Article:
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Building a 10" Reflector

Adjusting the Rotating Head


The one weakness in this design is the separate rotating head. If it is not adjusted properly the telescope will not stay in collimation as the user rotates the head for a comfortable observing position. As a result, great care must be taken to adjust the upper tube head until the axis of the tube points accurately toward the center of the mirror. The process involves placing a piece of flat corrugated cardboard on the top of the head tube and another on the bottom of the head tube. Each cardboard disk has a small hole in the exact center. A flashlight is placed on the top disk and adjusted until the light shines down through the holes and forms a spot on a piece of paper placed on the mirror. The paper has a cross marked at the exact center. When the light spot is centered on the cross, the axis of the tube is aligned with the center of the mirror. You should have installed the secondary spider and central nut before performing this operation but you must remove the mirror and secondary holder rod or it will block the light beam. However, you should keep the spider and its secondary holder nut in place and let the light beam pass through the nut or whatever is used to hold the shaft of the diagonal rod. If the light does not pass through, the nut is not in the center - it should be in the center - it must be in the center.


A piece of white paper is cut to the diameter of the mirror. The paper disk is marked with a cross at the exact center and centered on the mirror and held in place with washers as weights. The cross should be arranged so that the arms are square with the sides of the box. This aides the alignment process.


Cardboard disk is cut to diameter of top and a small 1/16" hold punched in the center with the end of the compass or small nail. Disk is carefully centered and held in place with paper tape.


A second disk is placed and centered in the track on the top of the tube. A somewhat larger hole, about 1/8", is made with a 6 penny nail. 


Hole can be seen from bottom


Finished assembly. Head tube is carefully centered on top box. You can see the bottom cardboard disk between the tube and top box.


Flashlight is placed on center hole and moved around until light dot appears on mirror below. It is best to darken the room a bit, the light will be faint but clearly visible.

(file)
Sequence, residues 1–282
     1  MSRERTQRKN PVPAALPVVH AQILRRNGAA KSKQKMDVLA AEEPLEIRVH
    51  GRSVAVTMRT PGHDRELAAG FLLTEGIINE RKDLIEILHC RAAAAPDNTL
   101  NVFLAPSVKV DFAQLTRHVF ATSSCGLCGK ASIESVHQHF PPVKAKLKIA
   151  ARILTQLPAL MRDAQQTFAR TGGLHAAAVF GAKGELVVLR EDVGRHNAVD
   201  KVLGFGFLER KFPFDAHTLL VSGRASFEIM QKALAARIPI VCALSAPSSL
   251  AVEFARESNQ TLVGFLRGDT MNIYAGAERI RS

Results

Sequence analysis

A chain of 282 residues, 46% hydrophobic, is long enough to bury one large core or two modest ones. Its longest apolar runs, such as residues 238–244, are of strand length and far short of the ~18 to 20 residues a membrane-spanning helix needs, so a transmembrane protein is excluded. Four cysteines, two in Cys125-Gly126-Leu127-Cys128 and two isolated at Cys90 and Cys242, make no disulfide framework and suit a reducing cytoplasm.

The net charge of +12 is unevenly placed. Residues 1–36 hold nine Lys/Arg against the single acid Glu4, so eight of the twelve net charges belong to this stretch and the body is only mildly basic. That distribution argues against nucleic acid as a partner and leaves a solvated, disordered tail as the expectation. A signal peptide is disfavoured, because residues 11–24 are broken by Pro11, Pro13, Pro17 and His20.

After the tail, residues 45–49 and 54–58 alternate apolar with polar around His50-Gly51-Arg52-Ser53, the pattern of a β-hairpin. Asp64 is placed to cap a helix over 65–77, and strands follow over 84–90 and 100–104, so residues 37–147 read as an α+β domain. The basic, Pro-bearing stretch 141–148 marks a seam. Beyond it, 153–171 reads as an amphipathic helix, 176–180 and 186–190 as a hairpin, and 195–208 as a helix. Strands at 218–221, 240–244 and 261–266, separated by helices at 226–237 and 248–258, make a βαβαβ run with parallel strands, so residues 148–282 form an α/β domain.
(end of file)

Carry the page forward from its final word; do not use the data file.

Light spot can just be made out at the upper right hand corner of the cross. Moving the flashlight around will cause the light to move its position slightly but one can find the true center very easily. It will suddenly become brighter. Keeping the top hole small is important. The process of adjustment involves first deciding which direction you want to move the light. You move it along one direction of the cross first until it sits on a line and then move it along the other direction until it sits in the center of the cross.


To correct the condition seen above move the light spot to the left until it sits on the line. To do this, slightly loosen, but not completely loosen, upper strut nuts A and C. Now completely loosen nuts B and D. Grab top box at A and D and simultaneously pull box down at B and push up at D. This will move spot to the left until it looks like the picture below.


To complete adjustment tighten nuts B and D until hand tight. Loosen nuts A and C and now push down at A while pulling up at C until the spot hits the center as shown below.


Tighten all nuts and you're done. Remove cardboard disks and replace rotating head tube in its proper position. You can now re-install the spider and secondary mirror. Axis of secondary mirror must be in line with the axis of the head tube. See Installing Secondary.  As a note on collimation, when collimating the telescope have the eyepiece set pointing opposite out from the declination axis. This is done so that when the head is rotated it will not generally move more than about 30 degrees from the position it occupied at collimation. the more you move it, the more out of collimation it can go. Bearing this is mind, making this adjustment is critical. Take you time and be critical. In fact, you can rotate the head and see if the spot moves. It should not move much, if at all.